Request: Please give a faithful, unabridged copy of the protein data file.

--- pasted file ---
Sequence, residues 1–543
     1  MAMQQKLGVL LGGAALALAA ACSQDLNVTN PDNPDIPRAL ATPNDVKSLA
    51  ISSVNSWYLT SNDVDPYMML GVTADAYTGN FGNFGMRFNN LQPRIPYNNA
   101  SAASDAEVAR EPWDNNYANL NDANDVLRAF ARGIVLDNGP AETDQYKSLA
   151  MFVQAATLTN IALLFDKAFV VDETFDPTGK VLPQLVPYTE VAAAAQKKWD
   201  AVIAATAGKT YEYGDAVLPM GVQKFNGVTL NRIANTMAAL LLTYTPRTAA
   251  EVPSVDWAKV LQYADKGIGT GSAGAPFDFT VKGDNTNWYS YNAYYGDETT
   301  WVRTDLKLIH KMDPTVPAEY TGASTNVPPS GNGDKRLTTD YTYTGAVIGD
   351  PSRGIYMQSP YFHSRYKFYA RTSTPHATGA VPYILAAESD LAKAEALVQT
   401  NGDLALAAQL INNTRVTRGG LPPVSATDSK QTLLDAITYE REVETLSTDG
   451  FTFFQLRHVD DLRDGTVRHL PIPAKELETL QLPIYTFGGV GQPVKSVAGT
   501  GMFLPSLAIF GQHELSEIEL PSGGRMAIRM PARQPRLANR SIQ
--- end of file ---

Sequence, residues 1–543
     1  MAMQQKLGVL LGGAALALAA ACSQDLNVTN PDNPDIPRAL ATPNDVKSLA
    51  ISSVNSWYLT SNDVDPYMML GVTADAYTGN FGNFGMRFNN LQPRIPYNNA
   101  SAASDAEVAR EPWDNNYANL NDANDVLRAF ARGIVLDNGP AETDQYKSLA
   151  MFVQAATLTN IALLFDKAFV VDETFDPTGK VLPQLVPYTE VAAAAQKKWD
   201  AVIAATAGKT YEYGDAVLPM GVQKFNGVTL NRIANTMAAL LLTYTPRTAA
   251  EVPSVDWAKV LQYADKGIGT GSAGAPFDFT VKGDNTNWYS YNAYYGDETT
   301  WVRTDLKLIH KMDPTVPAEY TGASTNVPPS GNGDKRLTTD YTYTGAVIGD
   351  PSRGIYMQSP YFHSRYKFYA RTSTPHATGA VPYILAAESD LAKAEALVQT
   401  NGDLALAAQL INNTRVTRGG LPPVSATDSK QTLLDAITYE REVETLSTDG
   451  FTFFQLRHVD DLRDGTVRHL PIPAKELETL QLPIYTFGGV GQPVKSVAGT
   501  GMFLPSLAIF GQHELSEIEL PSGGRMAIRM PARQPRLANR SIQ